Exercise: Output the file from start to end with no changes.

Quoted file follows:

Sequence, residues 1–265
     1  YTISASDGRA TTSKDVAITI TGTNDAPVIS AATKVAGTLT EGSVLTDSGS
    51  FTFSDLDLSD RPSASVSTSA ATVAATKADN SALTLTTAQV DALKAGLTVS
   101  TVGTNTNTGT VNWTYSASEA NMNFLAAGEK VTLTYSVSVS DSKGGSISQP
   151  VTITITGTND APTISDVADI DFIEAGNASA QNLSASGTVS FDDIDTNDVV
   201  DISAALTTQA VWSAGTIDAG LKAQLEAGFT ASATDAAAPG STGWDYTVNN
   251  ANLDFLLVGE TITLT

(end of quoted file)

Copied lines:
Sequence, residues 1–265
     1  YTISASDGRA TTSKDVAITI TGTNDAPVIS AATKVAGTLT EGSVLTDSGS
    51  FTFSDLDLSD RPSASVSTSA ATVAATKADN SALTLTTAQV DALKAGLTVS
   101  TVGTNTNTGT VNWTYSASEA NMNFLAAGEK VTLTYSVSVS DSKGGSISQP
   151  VTITITGTND APTISDVADI DFIEAGNASA QNLSASGTVS FDDIDTNDVV
   201  DISAALTTQA VWSAGTIDAG LKAQLEAGFT ASATDAAAPG STGWDYTVNN
   251  ANLDFLLVGE TITLT